JOHN DOUGHERTY:Most certainly. This was the best chance to beat him, was in the Republican Primary. Republicans have 100,000 voter edge in Maricopa County. It’s going to be extremely unlikely that the Democrat — and it’s a three-way race, there’s an independent running as well — will defeat Joe Arpaio. He’s going to stay there for another four years. He’s 72 years old and he’s already said he wants to run again, four years from now to continue his reign. It’s interesting the things that I have been coming up with the last couple of months that have raised some serious questions in my mind is that the same time he’s been doing this, he also has a policy in which they serve rotten food, stale food. He’s able to brag to the public, 'Hey, we're sellin’ food — we feed prisoners for, I don’t know, twenty cents a day.’ Something like that, ridiculous. And it literally is rotten. But at the same time he operates a commissary in there and a series of vending machines, and he allows inmates to purchase these better food off there. We’ve been seeking now for three months the financial records that are associated with the commissary and the vending machines in there. I’m talking millions and millions of dollars rolling through these things. They’ve refused to do that. We have now filed suit with Maricopa county against the sheriff’s office to obtain these public records. At the same time, this guy has accumulated more than $2 million worth of real estate. It’s very interesting. How is he getting all of this real estate? We have asked him to present his real estate records. Those are sealed as well.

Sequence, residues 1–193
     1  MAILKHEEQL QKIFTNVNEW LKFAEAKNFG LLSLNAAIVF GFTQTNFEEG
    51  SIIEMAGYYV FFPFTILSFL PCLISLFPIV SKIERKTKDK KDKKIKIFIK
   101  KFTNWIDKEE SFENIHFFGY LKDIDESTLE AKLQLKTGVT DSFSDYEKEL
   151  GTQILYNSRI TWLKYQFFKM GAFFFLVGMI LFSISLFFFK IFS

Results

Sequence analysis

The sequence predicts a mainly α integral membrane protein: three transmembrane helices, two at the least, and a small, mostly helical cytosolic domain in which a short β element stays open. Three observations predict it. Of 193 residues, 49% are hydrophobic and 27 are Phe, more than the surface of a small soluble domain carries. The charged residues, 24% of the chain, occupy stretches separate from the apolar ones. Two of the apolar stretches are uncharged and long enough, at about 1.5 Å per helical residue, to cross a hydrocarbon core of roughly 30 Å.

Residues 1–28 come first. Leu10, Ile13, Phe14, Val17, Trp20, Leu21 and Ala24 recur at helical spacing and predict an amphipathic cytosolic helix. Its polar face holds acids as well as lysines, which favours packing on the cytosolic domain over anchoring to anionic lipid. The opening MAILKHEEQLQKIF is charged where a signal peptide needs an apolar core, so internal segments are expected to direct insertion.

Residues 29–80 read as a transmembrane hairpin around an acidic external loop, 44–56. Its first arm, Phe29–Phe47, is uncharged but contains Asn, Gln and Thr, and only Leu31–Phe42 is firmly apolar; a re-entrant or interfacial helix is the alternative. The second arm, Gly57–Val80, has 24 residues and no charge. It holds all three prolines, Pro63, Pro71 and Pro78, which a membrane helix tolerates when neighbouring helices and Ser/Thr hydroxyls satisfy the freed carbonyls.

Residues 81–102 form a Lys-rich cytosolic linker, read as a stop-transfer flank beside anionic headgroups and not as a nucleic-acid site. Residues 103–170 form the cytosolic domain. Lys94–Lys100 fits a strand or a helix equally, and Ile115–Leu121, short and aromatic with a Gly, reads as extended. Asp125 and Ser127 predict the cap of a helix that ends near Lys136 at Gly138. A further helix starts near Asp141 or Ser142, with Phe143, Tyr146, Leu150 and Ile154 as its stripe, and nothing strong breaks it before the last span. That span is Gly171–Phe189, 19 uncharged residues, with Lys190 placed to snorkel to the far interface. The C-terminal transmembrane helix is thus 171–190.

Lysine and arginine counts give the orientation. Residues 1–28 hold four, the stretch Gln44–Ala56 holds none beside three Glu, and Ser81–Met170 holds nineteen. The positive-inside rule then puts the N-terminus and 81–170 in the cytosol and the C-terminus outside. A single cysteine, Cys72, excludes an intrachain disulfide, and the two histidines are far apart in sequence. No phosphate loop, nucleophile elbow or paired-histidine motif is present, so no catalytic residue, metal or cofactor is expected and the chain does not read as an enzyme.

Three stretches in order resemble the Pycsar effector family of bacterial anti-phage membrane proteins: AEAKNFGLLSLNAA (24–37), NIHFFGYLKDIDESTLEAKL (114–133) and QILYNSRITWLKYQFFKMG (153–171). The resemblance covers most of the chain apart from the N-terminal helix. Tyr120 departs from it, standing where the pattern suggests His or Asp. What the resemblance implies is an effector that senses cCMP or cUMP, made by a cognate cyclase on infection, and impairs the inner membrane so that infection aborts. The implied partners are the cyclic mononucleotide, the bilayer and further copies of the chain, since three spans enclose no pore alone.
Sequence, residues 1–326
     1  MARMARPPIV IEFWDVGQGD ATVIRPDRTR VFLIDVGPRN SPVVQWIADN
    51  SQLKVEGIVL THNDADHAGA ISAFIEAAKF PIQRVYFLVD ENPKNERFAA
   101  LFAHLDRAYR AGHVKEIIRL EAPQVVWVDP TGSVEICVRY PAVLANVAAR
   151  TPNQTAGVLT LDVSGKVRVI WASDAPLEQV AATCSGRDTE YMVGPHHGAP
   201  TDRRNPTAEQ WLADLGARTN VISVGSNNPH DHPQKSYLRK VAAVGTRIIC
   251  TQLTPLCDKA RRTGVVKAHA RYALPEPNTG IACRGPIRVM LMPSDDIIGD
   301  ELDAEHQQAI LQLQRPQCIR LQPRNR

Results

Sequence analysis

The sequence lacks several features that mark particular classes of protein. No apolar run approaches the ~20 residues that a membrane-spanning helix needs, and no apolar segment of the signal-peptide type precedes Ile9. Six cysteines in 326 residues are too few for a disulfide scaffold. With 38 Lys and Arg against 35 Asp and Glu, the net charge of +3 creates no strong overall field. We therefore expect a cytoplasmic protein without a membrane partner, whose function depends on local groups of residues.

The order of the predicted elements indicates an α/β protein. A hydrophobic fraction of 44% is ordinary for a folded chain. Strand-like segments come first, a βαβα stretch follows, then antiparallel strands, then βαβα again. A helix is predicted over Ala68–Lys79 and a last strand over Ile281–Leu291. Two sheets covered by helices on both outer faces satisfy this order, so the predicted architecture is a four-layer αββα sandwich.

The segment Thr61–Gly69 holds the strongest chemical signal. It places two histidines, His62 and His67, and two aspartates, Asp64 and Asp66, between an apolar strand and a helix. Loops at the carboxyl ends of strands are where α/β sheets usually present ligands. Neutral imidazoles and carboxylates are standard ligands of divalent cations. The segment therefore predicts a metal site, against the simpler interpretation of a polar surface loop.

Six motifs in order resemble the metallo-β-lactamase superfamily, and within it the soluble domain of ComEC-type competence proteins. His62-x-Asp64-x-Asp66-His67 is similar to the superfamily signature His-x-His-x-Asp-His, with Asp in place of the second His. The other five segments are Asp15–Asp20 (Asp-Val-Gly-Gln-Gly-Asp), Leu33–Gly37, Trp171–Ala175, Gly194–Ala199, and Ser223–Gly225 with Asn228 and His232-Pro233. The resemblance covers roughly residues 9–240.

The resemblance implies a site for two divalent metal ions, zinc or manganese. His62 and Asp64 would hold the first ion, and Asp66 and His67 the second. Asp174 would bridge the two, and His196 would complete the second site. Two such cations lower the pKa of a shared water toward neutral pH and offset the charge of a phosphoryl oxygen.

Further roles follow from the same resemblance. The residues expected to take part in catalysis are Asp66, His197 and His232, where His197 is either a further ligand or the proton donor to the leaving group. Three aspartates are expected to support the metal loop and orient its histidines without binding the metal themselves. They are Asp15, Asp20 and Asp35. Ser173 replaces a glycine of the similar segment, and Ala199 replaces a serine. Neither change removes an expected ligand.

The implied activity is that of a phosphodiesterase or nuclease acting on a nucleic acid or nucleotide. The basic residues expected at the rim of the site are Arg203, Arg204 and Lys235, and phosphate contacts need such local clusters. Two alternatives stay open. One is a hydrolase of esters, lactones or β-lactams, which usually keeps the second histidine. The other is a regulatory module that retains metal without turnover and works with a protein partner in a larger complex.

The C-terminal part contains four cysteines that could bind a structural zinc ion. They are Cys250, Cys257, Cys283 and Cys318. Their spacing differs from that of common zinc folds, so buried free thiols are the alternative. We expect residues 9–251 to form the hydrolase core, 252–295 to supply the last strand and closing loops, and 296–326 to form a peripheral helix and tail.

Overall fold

AMY GOODMAN: What did you ask him on primary night? It seemed that you had a bit of an altercation with the sheriff.
JOHN DOUGHERTY:Our point was simple. In Arizona there’s an Arizona public records law to obtain documents like most states have; and we’ve filed a number of public records request for financial documents or incident reports or people dying in the jail, or people staying over in a cushy jail in Mason in return for raising campaign funds. You know, things like that. Suspicious activity. They’ve sandbagged me for months on releasing normally available public records. Prior to primary night, I met his public information officer during a press conference and I asked her, 'When are you going to release the public records to us?' and she says, 'Never.' I said, 'Well, you can't do that.’ She goes, 'Sue us.' So when Arpaio won the primary, I said I’m going to go down there and ask him flat out: 'When are you going to release the public records?' As I approached him, I said, 'Joe Arpaio,' and he just looked at me and he said, 'I don't talk you to,’ and I said, 'When are you going to release the public records to us, sir? And he said to his bodyguards, ’Get rid of this guy.' And those guys just basically came up and started bumping me and pushing me away, and one person grabbed my arm like I was under arrest. So I just kept repeating the question.
AMY GOODMAN: Bending it behind your back.
JOHN DOUGHERTY:Yeah, they bent it around my back and they escorted me — well pushed me — out of the room, which was at the Phoenix Civic Plaza, it was a public space in a room leased by the Maricopa Department of Elections. That’s the attitude they have if they don’t like your question, ’We’re just going to ignore you, or we’re just going to shove you and throw you out the door.’
AMY GOODMAN: John Dougherty, I want to thank you for being with us. Staff reporter for the Phoenix News Times, an alternative news weekly based here in Phoenix. He has covered John McCain’s career for years as well as Arizona politics in general.